POST RENAL TRANSPLANT EXTRAPULMONARY TUBERCULOSIS IN AN OVERSEAS-BORN AUSTRALIAN

C WILKINSON1,2, D JEGATHEESAN3, G KAN1,2, V MANICKAM1,2, V SRIVASTAVA1,2 , S CAMPBELL3

1The Townsville Hospital, Queensland; 2James Cook University Clinical School, Queensland; 3University of Queensland at the Princess Alexandra Hospital, Queensland

Background:  Post-transplant tuberculosis (PTTB) is not uncommon in endemic tuberculosis (TB) areas. It generally represents reactivation of latent TB and 50-60% of cases occur within 12 months post-transplant. Risk factors include acute transplant rejection, concurrent cytomegalovirus (CMV), and HIV infection. TB in Australia has an incidence of 5-7 cases per 100 000, but amongst overseas-born Australians is 19 per 100 000.

Case report:  A 47 year old Phillipines-born female received a deceased donor renal transplant; CMV positive to negative, for ESKD secondary to IgA nephropathy in 2013.  Pre-transplant TB and HIV screening was negative.  She received basiliximab induction and was maintained on tacrolimus, mycophenolate and prednisolone. There was no early rejection.  She presented in March 2017 with fevers and diarrhoea of 10 days duration but no other positive symptoms.  Radiographic investigations revealed tubo-ovarian collection associated with diffuse abdominal lymphadenopathy and terminal ileum thickening.  She underwent laparoscopic drainage with bilateral salpingectomy and oophorectomy; initial histology showed necrotic granuloma and TB was confirmed on culture.  She was commenced on a regime of rifabutin, isoniazid, pyrazinamide and ethambutol. Rifabutin was pre-emptively used in place of rifampicin to reduce drug interaction with tacrolimus.  Graft function deteriorated in the setting of dehydration contributed by nausea, diarrhoea and oral mucosal HSV co-infection; recovering when oral intake was restored.  Tacrolimus dosing required close monitoring and titration within the first month of treatment.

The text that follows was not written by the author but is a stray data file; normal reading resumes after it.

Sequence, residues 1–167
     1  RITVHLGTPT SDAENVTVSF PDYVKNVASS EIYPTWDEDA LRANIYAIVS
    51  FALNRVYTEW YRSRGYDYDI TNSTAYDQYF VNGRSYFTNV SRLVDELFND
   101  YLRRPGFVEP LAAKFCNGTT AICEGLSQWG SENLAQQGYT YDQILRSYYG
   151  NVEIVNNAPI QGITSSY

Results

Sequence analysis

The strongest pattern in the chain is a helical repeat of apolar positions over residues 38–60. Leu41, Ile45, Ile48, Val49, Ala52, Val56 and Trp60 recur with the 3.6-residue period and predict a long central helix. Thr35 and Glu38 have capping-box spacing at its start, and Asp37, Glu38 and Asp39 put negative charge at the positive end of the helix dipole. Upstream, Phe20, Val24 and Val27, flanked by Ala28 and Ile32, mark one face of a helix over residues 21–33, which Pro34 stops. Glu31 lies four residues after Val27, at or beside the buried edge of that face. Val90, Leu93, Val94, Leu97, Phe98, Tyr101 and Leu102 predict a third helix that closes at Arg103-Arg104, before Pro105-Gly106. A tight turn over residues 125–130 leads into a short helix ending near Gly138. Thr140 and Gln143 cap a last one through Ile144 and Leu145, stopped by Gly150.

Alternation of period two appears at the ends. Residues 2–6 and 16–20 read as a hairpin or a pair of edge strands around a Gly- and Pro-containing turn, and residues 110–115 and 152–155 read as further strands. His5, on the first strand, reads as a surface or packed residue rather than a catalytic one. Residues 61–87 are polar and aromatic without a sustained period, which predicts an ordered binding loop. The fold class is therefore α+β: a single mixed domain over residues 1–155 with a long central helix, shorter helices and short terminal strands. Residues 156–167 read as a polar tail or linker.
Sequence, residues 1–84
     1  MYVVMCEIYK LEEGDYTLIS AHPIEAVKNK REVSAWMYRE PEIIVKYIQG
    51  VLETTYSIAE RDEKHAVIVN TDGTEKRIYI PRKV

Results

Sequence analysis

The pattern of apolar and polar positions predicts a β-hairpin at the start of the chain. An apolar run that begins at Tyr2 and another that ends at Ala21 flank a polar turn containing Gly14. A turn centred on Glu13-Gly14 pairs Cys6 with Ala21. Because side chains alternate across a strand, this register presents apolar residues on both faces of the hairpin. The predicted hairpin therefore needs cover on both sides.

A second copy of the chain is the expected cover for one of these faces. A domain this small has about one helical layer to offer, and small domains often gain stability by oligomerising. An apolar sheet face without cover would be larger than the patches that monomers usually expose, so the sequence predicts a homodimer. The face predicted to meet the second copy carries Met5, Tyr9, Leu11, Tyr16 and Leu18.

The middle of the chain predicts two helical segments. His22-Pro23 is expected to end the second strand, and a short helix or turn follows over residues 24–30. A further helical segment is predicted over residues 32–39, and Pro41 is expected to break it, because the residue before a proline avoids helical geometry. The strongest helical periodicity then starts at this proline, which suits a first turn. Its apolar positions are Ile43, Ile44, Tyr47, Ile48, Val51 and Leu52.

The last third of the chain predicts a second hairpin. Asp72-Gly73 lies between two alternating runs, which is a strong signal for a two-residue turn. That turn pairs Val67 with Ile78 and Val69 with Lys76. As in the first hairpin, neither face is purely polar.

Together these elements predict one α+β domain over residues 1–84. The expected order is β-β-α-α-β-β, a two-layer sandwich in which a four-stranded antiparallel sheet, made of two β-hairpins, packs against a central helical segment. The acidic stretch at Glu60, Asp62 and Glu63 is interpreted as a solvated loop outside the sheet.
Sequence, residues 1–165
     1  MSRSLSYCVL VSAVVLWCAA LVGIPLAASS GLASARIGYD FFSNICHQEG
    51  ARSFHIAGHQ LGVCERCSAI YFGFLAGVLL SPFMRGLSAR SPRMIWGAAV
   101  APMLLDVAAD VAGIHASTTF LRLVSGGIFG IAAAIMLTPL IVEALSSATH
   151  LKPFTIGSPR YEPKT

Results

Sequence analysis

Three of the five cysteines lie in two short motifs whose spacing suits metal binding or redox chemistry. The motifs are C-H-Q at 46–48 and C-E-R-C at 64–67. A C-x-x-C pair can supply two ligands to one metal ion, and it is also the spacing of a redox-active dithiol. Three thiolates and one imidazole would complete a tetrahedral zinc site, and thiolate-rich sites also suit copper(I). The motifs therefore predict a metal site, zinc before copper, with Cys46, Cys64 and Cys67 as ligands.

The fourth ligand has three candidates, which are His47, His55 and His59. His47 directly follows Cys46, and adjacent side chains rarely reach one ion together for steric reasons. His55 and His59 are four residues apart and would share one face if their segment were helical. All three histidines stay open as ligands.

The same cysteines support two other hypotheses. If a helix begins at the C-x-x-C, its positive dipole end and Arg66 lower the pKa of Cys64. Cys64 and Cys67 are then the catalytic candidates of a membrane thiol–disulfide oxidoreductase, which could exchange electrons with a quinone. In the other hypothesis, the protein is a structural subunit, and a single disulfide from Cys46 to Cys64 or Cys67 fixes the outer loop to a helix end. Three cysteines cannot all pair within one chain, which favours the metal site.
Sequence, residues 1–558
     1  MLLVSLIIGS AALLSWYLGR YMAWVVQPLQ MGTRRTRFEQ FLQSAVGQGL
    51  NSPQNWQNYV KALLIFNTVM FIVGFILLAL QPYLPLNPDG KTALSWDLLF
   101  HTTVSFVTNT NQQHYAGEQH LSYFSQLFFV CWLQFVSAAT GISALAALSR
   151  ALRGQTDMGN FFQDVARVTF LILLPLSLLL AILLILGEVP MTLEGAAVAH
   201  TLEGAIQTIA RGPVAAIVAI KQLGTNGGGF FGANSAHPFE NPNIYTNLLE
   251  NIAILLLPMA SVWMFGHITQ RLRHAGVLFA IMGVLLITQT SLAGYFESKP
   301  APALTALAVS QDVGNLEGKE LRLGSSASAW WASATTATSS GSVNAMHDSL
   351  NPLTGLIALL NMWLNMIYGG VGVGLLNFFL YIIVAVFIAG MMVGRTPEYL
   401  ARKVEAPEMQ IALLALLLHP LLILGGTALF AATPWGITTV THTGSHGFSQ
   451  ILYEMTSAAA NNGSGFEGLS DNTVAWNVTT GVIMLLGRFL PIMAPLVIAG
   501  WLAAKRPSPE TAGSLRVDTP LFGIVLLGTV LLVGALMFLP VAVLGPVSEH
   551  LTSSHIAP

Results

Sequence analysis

Conclusion: PTTB is not uncommon in endemic areas and should be considered in at risk patients in non-endemic areas. The above anti-TB regime interacts with tacrolimus however there was no rejection observed.

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